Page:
For whatever reason the 80s revamp of vintage television suspense anthology series ALFRED HITCHCOCK PRESENTS gets minimal mention in genre worship circles. Perhaps that’s due to its very existence, chained as it was and will be forever to the memory of its source. Perhaps it’s the fact that the series was syndicated to death during its decade and people channel surfing cited it a bit of an eyesore and took it for granted. I’m really not sure.
But the second wave ALFRED HITCHCOCK PRESENTS was actually often very, very good, with some standout episodes that made up for some of the less effective installments. Many of the best of them were in fact remakes of the existing AHP episodes. And for me, the standout among that pack is 1985’s “Final Escape”, a bone-chilling short film that condenses the narrative of the 1964 original (which appeared in the ALFRED HITCHCOCK HOUR incarnation) from 60 minutes to 30 minutes, tightening and toughening the tale and amplifying the cruelty central character and offering a final act twist that ruined me as a youth.
Recently, I was chatting loosely about my memories of the show, mentioning how when I was little, my mom and I would watch the program weekly when it ran in prime time on NBC. I spoke on how effective “Final Escape” was and how its impact on me stayed with me almost as profoundly as any episode of my beloved THE TWILIGHT ZONE.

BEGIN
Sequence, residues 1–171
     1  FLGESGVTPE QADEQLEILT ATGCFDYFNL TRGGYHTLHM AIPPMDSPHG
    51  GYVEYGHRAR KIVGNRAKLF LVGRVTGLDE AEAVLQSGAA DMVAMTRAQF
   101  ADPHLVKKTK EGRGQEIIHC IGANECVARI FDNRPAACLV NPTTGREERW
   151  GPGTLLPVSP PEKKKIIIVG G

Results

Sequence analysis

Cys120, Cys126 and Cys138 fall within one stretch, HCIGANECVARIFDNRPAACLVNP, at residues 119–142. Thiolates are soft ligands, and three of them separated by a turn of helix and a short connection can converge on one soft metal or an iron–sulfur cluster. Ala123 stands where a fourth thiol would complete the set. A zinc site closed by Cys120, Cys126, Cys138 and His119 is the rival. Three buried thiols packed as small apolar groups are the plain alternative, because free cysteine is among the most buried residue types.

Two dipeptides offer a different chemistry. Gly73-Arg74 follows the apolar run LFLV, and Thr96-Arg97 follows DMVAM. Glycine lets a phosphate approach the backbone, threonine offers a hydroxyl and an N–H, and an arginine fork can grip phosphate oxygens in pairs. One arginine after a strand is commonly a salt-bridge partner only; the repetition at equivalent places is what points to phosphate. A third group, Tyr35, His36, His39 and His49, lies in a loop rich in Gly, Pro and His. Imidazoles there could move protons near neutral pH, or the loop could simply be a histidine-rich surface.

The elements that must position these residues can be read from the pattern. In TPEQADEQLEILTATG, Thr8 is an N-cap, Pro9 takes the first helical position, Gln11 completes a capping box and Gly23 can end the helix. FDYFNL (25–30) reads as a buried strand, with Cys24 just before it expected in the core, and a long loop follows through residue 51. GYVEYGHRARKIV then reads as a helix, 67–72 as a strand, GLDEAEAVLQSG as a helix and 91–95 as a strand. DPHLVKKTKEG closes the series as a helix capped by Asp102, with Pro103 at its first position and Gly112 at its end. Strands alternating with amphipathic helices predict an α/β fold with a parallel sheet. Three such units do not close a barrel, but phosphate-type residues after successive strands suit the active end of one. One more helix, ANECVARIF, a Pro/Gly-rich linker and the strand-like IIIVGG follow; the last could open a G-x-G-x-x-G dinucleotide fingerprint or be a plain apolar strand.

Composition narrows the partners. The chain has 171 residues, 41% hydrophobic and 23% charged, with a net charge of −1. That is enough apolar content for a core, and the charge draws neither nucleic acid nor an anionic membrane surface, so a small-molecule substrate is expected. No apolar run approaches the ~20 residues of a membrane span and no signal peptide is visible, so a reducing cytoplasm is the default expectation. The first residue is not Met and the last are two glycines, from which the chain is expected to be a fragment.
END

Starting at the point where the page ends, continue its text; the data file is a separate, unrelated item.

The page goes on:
This chat inspired me to seek the show out anew and, 31 years later, I was affected by it once more.
“Final Escape” is one of 23 AHP episodes produced by veteran TV and feature writer and producer Christopher Crowe (among his credits is penning both the Michael Mann version of LAST OF THE MOHICANS and the awesome 1983 horror anthology NIGHTMARES). It’s written by Charles Grant Craig, a free adaptation of the source story by Tom Cannan and Randall Hood and was directed by Thomas Carter (COACH CARTER, SWING KIDS). In it,Season Hubley plays sociopathic socialite Lene Trent, a black widow whose reign of murder and corruption finally catches up to here and, as the show opens, she’s sentenced to life in prison. Swearing, in true noir fashion, that “no joint can hold her”, Lena immediately sets on trying to manipulate those around her.
First, she unsuccessfully tries a lesbian come-on to the ward’s brutal leader and then, she plays the Warden in hopes of getting a transfer to a cushier environment. None of her ploys work, however and, when she hits her bottom, she encounters the kindly handyman Doc (Davis Roberts), an elderly employee whose job it is to crate and cart the recently deceased prisoners and drive them to the cemetery for burial. Seeing this as her last chance of escape, she makes a deal with the impoverished Doc to, undercover of night, bury HER in the next coffin with whatever stiff resides therein. The idea being that later, Doc will return to dig her up and Lena will them reward him financially.
The plan proceeds and soon, Lena finds herself six feet under. But who’s in the casket with her?
There’s no point in revealing the twist as I am posting the 22 minute “Final Escape” in its entirety below. Outside of the shock of the climax, it’s just a great piece of entertainment full stop. From the opening, colorized bumpers from the original show to Hubley’s malicious performance and the care taken to make us truly care about Doc and his plight, it’s a mini-masterpiece of horror and suspense.
Watch it now and see if you agree with us…